Incapacity Crisis: action needs to be taken!

A report produced by the Solicitors for the Elderly has highlighted how unprepared we are as a nation in terms of making provision regarding our future medical and care needs. The full report can be accessed here . The results are astonishing. Some of the key findings are set out below:

  • 65% of the general public incorrectly believe that their next of kin can make medical and care decisions for them should they not be able to make such decisions themselves.
  • Most people are unaware that only doctors have the authority to make medical decisions if there is no Lasting Power of Attorney for Health and Welfare in place and that social services can make decisions about where we live (which could be in a care home a significant distance from our home/friends/family).
  • The upward trend of developing dementia leading to incapacity is spiralling. 1 in 14 of are predicted to develop dementia at age 65 rising to 1 in 6 at age 80 and over. There are currently 12.8 million people over 65 but there are only 928,000 Health and Welfare Lasting Powers of Attorney in place and so almost 12 million of us have not planned ahead.
  • 70% of us would want our family to make medical and care decisions if we were unable to make such decisions ourselves. This is hardly surprising given that these types of decisions are highly personal and yet a stranger such as a doctor or a social worker would be acting from a purely objective viewpoint.
  • In the event of a dispute regarding medical and care needs, there is the option for interested parties to make an application to the Court of Protection but this can be a lengthy, costly and stressful process.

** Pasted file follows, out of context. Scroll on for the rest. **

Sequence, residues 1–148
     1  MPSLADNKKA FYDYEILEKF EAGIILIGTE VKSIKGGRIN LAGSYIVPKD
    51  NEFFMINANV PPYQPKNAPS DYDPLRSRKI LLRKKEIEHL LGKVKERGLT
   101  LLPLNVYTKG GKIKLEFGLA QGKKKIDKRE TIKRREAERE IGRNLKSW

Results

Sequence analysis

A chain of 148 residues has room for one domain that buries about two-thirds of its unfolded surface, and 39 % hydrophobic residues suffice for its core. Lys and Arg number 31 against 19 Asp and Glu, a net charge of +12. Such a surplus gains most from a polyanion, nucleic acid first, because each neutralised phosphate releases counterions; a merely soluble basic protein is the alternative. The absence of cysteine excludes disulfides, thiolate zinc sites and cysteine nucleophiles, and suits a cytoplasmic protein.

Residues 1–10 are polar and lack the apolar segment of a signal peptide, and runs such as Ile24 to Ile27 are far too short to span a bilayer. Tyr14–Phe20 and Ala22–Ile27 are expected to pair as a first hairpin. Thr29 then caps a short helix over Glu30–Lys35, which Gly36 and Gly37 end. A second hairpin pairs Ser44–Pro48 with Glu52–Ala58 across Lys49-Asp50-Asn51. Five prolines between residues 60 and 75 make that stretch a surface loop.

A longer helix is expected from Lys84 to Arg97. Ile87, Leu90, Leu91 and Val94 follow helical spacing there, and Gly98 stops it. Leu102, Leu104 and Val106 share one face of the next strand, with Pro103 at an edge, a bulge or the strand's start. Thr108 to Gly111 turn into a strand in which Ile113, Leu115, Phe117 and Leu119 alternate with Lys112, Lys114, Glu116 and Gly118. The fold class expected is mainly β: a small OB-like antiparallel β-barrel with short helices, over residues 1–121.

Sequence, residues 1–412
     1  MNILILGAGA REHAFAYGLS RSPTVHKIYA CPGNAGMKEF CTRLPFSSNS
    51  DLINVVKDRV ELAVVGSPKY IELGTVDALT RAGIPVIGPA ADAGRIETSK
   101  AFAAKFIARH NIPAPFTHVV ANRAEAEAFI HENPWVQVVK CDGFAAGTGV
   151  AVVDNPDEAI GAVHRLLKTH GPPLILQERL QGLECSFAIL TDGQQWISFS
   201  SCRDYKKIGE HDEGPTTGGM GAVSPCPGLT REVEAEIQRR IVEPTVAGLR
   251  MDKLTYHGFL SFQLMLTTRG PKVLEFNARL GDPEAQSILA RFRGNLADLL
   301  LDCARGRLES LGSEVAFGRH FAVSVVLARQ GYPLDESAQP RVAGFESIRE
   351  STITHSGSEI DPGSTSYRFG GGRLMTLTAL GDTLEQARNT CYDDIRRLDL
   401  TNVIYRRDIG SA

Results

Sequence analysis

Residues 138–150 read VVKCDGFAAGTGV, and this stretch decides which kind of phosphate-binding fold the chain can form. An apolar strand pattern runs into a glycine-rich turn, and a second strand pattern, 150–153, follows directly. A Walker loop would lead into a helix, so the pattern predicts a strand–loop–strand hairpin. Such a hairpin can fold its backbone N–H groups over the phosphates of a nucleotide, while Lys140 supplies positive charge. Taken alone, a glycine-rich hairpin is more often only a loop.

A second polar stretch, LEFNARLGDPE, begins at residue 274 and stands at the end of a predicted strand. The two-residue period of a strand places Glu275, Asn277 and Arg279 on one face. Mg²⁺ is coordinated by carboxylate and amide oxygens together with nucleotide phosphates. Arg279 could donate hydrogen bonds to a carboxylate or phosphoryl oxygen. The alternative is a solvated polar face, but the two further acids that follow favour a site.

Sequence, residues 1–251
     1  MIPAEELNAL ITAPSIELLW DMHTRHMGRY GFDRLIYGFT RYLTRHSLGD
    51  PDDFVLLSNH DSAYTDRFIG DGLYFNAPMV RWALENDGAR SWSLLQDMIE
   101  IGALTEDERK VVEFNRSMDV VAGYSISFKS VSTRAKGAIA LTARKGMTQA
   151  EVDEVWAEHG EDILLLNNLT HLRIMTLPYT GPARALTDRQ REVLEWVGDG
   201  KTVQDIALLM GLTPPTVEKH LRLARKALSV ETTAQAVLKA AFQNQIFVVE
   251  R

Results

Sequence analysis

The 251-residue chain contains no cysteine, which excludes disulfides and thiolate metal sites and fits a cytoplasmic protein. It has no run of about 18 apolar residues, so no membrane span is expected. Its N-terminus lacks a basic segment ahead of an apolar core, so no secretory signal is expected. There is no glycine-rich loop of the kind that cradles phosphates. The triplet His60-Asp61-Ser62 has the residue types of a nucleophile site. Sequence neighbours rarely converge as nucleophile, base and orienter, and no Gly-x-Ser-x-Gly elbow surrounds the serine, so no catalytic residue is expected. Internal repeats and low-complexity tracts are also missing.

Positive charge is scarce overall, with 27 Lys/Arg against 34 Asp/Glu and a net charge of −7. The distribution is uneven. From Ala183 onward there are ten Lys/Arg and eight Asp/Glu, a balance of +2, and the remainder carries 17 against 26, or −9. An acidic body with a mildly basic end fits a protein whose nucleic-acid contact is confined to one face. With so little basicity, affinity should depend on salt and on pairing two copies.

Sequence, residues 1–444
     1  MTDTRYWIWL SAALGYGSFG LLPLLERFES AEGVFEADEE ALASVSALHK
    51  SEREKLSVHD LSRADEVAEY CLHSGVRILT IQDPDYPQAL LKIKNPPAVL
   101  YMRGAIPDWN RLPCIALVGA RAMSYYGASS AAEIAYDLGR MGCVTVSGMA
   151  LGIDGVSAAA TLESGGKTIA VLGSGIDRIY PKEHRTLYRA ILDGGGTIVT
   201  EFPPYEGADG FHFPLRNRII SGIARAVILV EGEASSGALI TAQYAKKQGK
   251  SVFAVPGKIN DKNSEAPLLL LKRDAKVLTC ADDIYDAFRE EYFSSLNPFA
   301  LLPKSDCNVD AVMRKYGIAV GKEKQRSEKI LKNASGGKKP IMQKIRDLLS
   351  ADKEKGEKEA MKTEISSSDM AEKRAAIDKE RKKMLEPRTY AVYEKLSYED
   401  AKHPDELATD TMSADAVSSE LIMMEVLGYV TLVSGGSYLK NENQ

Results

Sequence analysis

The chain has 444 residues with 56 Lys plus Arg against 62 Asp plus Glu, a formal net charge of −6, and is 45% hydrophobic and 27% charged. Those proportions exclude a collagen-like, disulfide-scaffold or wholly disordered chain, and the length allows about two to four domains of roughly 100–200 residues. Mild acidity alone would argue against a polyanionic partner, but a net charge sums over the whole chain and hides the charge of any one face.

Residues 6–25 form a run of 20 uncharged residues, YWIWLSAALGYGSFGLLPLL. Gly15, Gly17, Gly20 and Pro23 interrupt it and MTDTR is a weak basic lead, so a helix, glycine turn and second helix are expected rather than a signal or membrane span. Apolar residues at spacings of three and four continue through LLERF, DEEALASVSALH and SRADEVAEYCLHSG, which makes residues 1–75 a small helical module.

What is a Health and Welfare Lasting Power of Attorney?

This is a legal document which needs to be validly executed and registered at the Office of the Public Guardian before it can come into effect. The person making the Lasting Power of Attorney is referred to as the “Donor”. Within the Lasting Power of Attorney, the Donor nominates a person(s) to act as their Attorney. If the Donor subsequently lacks capacity, the Attorney can then step in to make decisions regarding all matters that affect the Donor as a person This includes decisions about where the Donor lives, who visits them, decisions concerning their diet, dress and the medical treatment they receive. It can also give the Attorney the power to determine whether or not the Donor receives life sustaining treatment.

What next?

Solicitors for the Elderly (SFE) is an independent organisation providing specialist legal advice to elderly and vulnerable people. The advice from the SFE is to make a Lasting Power of Attorney for Health and Welfare. Although it is possible to set up a Lasting Power of Attorney independently, the SFE are urging the general public to seek specialist advice to avoid setting up a weak or flawed document which could lead to emotional and financial distress later down the line.

If you are interested in making a Lasting Power of Attorney please contact John Lane on 01904 688506; email or one of the Private Client team

Posted on: 10/07/2018

This article is for general guidance only. It provides useful information in a concise form. Action should not be taken without obtaining specific legal advice.

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